The city council of Auburn Hills has a duty to do what’s best for its residents. But it does not have the right to flip over the table of regional infrastructure, wreck transit connections, and isolate itself from its neighbors. SMART in Oakland County was designed by segregation-minded politicians to be easy to exit and hard to enter. Member communities only require a vote of the city council to abandon service.

But to begin service, the council must agree to put a referendum on the ballot, which must win a majority vote. New county leadership has publicly announced their intention to bring transit to the whole county. But it remains to be seen what measures they will take to end the opt-out system for good.

MUNICIPAL MATTERS

City councilmembers argue that it’s a matter of SMART’s operational deficiencies. Of course, no one likes the operational problems with SMART. They’re not the easiest to work with. No doubt this is substantially a product of how messed up their funding structure is, and how transit agencies seem to have to fight for crumbs while the automotive paradigm reigns supreme. The state seems to give carte blanche, for example, to MDOT to underfund an overdeveloped road network, but it would take a substantial legislative action at the state level to change how transit is funded.

But when we’re fighting these uphill battles– up the Auburn Hills, one might say- it is important to have the facts. We are hopeful that the voters have the facts:

  • Residents pay way more for roads than they do for transit, and have absolutely no say in how they get built. The University Drive and I-75 interchange, one of the Michigan Department of Road Engineering’s vaunted Diverging Diamond typology, cost $25 million, equivalent to 31 years of savings from halving the SMART millage.
  • The 0.986 mill property tax represents $1.6 million in funding for SMART annually, distributed across the city’s 8,064 households (by property valuation).
  • Eliminating the tax and replacing it with a half-mill tax will save property owners the equivalent of around 1% of the total municipality’s annual budget. This is a pittance in savings for what is sure to effectively screw over thousands of people.
  • The vast majority of voters in Auburn Hills have repeatedly voted to renew the SMART millage.
  • Cutting out SMART will exacerbate the ongoing attrition of a grossly underfunded transit agency whose failings contribute to the failings of Metro Detroit at large, limiting economic growth and especially accessibility for the region’s most vulnerable residents.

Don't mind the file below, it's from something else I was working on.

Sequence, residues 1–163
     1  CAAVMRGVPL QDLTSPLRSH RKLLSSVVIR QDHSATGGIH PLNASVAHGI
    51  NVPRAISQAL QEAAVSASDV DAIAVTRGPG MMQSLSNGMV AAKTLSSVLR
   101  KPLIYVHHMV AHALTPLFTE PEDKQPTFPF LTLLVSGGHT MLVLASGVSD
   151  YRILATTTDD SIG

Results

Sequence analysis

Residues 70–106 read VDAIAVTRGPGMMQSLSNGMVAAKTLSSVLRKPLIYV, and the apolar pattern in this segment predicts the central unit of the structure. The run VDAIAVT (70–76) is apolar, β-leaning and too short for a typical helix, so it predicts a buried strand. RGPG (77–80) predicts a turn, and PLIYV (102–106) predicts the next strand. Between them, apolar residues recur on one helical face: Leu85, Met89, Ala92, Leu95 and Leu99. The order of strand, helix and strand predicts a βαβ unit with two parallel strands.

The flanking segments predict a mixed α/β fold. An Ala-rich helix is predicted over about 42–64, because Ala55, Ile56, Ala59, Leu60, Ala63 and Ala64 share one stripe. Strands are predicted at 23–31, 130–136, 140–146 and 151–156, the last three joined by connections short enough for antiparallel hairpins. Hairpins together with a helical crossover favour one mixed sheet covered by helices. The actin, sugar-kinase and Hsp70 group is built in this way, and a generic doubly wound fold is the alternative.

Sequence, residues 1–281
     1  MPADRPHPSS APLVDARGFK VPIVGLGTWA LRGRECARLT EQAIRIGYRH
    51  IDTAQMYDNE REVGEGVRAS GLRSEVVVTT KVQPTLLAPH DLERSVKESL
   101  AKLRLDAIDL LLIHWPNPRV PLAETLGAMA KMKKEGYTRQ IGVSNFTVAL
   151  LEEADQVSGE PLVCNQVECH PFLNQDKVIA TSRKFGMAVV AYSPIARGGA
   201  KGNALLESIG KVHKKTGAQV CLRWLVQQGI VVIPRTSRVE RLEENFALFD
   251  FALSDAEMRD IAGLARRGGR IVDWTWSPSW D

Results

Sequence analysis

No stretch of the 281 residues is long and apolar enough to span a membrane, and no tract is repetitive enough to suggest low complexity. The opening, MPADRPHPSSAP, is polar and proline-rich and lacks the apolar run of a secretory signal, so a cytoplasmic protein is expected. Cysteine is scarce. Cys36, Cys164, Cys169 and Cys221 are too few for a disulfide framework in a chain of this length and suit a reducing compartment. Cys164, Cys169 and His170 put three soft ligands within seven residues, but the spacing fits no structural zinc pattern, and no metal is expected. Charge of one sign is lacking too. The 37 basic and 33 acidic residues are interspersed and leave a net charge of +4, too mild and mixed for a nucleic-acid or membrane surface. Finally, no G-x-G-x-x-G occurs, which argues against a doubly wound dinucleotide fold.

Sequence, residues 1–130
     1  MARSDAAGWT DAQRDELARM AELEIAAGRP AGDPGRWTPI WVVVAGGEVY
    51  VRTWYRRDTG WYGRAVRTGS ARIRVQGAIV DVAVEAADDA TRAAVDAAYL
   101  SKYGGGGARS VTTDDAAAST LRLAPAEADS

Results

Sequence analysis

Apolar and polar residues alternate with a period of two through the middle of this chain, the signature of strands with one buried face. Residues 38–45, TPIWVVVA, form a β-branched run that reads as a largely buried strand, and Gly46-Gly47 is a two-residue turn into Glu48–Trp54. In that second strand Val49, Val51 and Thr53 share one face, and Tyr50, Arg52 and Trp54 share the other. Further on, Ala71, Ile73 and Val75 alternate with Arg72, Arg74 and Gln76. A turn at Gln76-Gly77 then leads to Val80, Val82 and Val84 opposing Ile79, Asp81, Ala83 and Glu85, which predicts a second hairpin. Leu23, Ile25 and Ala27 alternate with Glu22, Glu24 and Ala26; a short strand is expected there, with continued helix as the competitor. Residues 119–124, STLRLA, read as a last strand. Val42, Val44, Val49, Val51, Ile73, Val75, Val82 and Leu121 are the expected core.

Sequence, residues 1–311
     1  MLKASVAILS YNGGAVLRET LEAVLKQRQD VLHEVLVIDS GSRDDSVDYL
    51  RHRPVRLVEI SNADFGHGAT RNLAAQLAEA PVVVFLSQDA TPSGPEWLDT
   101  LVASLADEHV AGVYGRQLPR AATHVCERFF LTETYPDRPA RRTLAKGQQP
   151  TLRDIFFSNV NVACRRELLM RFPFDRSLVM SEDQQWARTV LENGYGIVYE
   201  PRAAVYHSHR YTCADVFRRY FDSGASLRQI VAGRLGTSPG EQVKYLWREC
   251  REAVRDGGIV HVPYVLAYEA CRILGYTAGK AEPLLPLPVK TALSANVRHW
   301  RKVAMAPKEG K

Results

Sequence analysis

Indeed, there’s no question that SMART has room to improve. The buses in these parts do not have many riders. There has been a communications breakdown between SMART and Auburn Hills. But SMART has demonstrated its ability to improve from its nadir during the Great Recession. Its express FAST buses and the Flex/Via rideshare service have boosted ridership and explored new ways to serve suburban areas. It works with cities like Auburn Hills to provide lifeline paratransit service to their residents. Auburn Hills leaders should continue to partner with them and return to their work of making the city a vibrant and welcoming place to be.

The Auburn Hills City Council will advance its decision to abandon the SMART bus on 2/21 at 7 PM at Auburn Hills City Office (1827 N. Squirrel Road). Members of the public can comment by attending in person, calling (248) 370-9402, or emailing comments to clerk@auburnhills.org.

A native of the Bay Area, Calley Wang is a mobility technologist who works for a large automaker. He is a “transit-oriented teen” and periodic contributor to The Handbuilt City. Nat Zorach is an East Coast transplant, the editor of The Handbuilt City, and a cantankerous urban planner who works for a large public utility company on the evaluation and design of decarbonization programs. Both live in Detroit, Michigan. Their views do not represent those of their employers.